Day Of Mourning Events BC 2015

day of mouring logo and titleApril 26 11:00 am
Squamish and District Labour Committee
Worker’s Memorial Monument
Pavilion Park
Downtown Squamish Squamish

April 28 7:30 am
CUPE 402;
City of Surrey;
WCB City of Surrey Works Yard
6645 148 St Surrey

April 28 10:00 am
Pulp Paper Woodworkers Canada Local 18 Memorial Rock
#1 Mackenzie Blvd Mackenzie

April 28 10:30 am
United Steelworkers
USW Local 1-85 Hall
4904 Montrose St Port Alberni

April 28 10:30 am
BCFED; WCB
New Vancouver Convention Centre
1055 Canada Place Vancouver

April 28 10:30 am
South Cariboo Area Council; United Steelworkers
Local 1-424
City Hall
(next to Cenotaph)
450 Mart St Williams Lake

April 28 11:00 Sunshine Coast Labour Council
Dougal Park
Gower Road Gibsons

April 28 11:00 am
Victoria Labour Council; CUPE 2081
Camosun College – Landsdowne Campus
(Main entrance near Foul Bay Road) Victoria

April 28 12:00 noon
BCGEU
City Hall
(March to Workers’ Memorial at Centennial Park) Fort St. John

April 28 12:00 noon
North Okanagan Labour Council; BCGEU, WCB
Ben Lee Park
(at Franklin and Houghton, near the water park) Kelowna

April 28 12:00 noon
West Kootenay Labour Council
Lakeside Park at the Tyler Memorial Field House Nelson

April 28 12:00 noon
North Central Labour Council; WCB
Workers’ Memorial Statue (Patricia Boulevard and Queensway Street)
Prince George

April 28 12:00 noon
United Steelworkers
Centennial Square Sparwood

April 28 12:00 noon
UFAWU-Unifor; BC Fish Harvesters’ Association
Garry Point Park
7th Ave Steveston

April 28 1:00 pm
Nanaimo, Duncan & District Labour Council
Pioneer Waterfront Plaza,
Front Street Nanaimo
April 28 4:00 pm
United Steelworkers
Local 480 Workers’ Monument across from the Trail Memorial Centre
Trail

April 28 5:00 pm
BCFED; New Westminster and Vancouver and District Labour Councils
Art Gallery Lower Mainland
April 28 5:00 pm
QDTA and BCGEU
Area 6 Cross Component Commitee
Corner of Doherty and Anderson Drive
West Village Quesnel

April 28 6:00 pm
BCGEU
Kinsmen Park Castlegar

April 28 6:00 pm
Kamloops & District Labour Council; WCB
St. Andrew’s Church
159 Seymour Street Kamloops

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50 Years Later, Machinists March for Voting Rights in Selma

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IAM General Vice Presidents Mark Blondin and Diane Babineaux, second and third from right, respectively, march with over 200 IAM members and thousands of others at the 50th anniversary commemoration of the Selma to Montgomery march. (Photo: Bill Burke/Page One Photography)

selma2One newspaper referred to Selma, AL as a tiny town on the outskirts of nowhere, but for 72 hours this week, Selma rose to its full height as the living, breathing center of the civil rights universe. With more than 60,000 marchers converging on the infamous Edmund Pettus Bridge, the world was once again given images from the same place marchers were being clubbed, gassed and trampled in 1965.

selma3selma1Fifty years after Bloody Sunday, hundreds of IAM members and their families joined civil, human and workers’ rights activists to commemorate the sacrifice of those who risked their lives to end Jim Crow-era policies preventing millions of African Americans from voting. Their bravery captivated a nation, and led to the passing of the Voting Rights Act later that year.US-HISTORY-POLITICS-RIGHTS-RACISM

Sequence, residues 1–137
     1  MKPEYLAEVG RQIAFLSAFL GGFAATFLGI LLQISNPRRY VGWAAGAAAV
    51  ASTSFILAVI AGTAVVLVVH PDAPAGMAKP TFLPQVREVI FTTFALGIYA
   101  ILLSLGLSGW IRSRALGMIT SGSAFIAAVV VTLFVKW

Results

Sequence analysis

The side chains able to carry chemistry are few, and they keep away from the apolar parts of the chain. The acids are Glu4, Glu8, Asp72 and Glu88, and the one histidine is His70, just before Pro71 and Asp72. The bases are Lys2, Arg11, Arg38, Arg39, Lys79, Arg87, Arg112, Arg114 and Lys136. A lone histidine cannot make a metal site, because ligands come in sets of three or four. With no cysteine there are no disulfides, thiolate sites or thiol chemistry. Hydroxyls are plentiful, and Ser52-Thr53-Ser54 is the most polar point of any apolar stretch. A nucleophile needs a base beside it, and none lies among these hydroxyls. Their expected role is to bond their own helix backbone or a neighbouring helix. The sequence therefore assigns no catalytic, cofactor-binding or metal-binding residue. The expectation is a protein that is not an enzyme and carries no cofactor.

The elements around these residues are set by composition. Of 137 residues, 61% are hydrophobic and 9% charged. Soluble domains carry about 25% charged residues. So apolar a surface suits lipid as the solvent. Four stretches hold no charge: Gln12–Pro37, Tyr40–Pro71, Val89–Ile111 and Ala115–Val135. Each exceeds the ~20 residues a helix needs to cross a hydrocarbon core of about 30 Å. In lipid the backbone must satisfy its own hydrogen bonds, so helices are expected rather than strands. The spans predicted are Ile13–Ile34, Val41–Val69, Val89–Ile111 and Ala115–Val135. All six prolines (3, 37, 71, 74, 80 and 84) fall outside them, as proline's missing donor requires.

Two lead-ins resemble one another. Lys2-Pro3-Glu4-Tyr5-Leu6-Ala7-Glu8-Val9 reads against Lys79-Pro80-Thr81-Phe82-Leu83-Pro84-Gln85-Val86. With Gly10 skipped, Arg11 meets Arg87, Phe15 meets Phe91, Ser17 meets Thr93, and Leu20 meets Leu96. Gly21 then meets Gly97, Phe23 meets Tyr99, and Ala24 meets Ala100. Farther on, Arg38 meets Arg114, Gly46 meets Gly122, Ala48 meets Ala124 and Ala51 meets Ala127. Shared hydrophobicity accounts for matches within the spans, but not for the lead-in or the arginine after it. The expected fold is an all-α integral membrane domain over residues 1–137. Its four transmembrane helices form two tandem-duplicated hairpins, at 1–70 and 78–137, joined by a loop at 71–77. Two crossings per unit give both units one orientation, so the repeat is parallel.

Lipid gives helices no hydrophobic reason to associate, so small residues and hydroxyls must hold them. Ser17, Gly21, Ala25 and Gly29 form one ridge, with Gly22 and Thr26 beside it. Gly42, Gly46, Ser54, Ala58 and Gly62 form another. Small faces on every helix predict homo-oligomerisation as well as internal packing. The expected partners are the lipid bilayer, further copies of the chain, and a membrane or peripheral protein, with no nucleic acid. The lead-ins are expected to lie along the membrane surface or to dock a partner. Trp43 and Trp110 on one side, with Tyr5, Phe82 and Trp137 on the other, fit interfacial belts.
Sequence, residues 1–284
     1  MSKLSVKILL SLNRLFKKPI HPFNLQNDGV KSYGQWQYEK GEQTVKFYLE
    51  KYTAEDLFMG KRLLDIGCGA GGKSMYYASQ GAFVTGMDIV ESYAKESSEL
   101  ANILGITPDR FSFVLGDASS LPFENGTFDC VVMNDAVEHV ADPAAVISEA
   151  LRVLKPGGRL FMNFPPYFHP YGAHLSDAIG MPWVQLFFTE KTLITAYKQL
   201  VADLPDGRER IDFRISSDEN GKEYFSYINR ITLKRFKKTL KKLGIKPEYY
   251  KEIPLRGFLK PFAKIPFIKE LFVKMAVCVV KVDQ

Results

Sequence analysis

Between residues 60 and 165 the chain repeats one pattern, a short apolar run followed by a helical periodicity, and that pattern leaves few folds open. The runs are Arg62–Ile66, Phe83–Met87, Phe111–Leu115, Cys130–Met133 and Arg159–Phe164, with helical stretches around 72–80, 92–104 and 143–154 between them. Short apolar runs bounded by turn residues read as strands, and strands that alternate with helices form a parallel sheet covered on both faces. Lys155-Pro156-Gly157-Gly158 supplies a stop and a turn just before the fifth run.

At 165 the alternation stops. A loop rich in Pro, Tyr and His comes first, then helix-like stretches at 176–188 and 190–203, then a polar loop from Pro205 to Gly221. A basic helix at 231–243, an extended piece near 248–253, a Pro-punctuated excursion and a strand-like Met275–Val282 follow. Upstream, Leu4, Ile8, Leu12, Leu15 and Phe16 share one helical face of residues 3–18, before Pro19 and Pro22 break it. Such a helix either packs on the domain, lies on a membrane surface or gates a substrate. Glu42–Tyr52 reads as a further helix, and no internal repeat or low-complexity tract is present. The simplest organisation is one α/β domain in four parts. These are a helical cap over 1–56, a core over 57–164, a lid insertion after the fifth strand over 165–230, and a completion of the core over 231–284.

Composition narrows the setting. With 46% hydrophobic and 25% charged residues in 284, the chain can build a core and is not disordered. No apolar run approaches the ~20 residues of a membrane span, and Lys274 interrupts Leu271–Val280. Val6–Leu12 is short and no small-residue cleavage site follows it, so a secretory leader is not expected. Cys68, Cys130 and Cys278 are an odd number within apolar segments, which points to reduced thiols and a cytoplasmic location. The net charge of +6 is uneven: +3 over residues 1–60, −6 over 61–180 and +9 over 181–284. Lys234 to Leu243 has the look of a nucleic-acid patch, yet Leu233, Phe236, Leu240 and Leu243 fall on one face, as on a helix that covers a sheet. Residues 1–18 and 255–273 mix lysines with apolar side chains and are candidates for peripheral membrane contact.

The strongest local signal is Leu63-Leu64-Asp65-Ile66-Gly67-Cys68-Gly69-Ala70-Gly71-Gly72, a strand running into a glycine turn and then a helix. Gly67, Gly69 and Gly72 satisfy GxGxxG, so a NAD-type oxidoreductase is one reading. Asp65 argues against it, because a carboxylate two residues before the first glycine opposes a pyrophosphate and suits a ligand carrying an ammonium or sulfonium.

“All that history met on this bridge,” President Obama said at the commemoration. He was joined by the likes of Rep. John Lewis (D-GA), who nearly died at the hands of Alabama State Troopers when he led marchers over the same bridge 50 years ago.

But Obama made clear that the fight is far from over. There are newly-enacted voter-ID laws, early voting restrictions, unfair redistricting and a recent Supreme Court ruling that gutted the Voting Rights Act.

“Right now, in 2015, 50 years after Selma, there are laws across this country designed to make it harder for people to vote,” said Obama. “As we speak, more of such laws are being proposed. Meanwhile, the Voting Rights Act, the culmination of so much blood, so much sweat and tears, the product of so much sacrifice in the face of wanton violence, the Voting Rights Act stands weakened, its future subject to political rancor.”

IAM General Vice President Diane Babineaux was joined by a contingent of Machinists Union members carrying signs proclaiming “Voter Rights are Human Rights.”

“It’s an awe-inspiring experience to be amongst the civil rights icons who risked their lives to march across this bridge 50 years ago. They did it for us, and we’re here to recognize that sacrifice,” said IAM General Vice President Diane Babineaux. “What makes me hopeful is the amount of young people here who weren’t even alive in the 1960s. The torch is being passed to a generation that is ready to fight back against modern-day affronts to voting rights. The future is in good hands.”

“We had nearly 200 IAM members and their families come from all over the country to mark this momentous anniversary in our country’s history,” said IAM Southern Territory General Vice President Mark Blondin. “They came here because one of our most sacred American freedoms – the right to vote – is under attack once again. The IAM stands on the right side of history, and we stand for the right of everyone to have their voices heard.”

source: http://www.goiam.org/index.php/imail/latest/14139-50-years-later-machinists-march-for-voting-rights-in-selma

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A Machinist Founded Labour Day in the USA

Inspired by Labour Day demonstrations in Toronto, Mathew McGuire brought the concept to the USA.

 

Here a link to a brief article about the first Labour Day parade in 1872:

http://thecanadianencyclopedia.com/en/article/labour-day/

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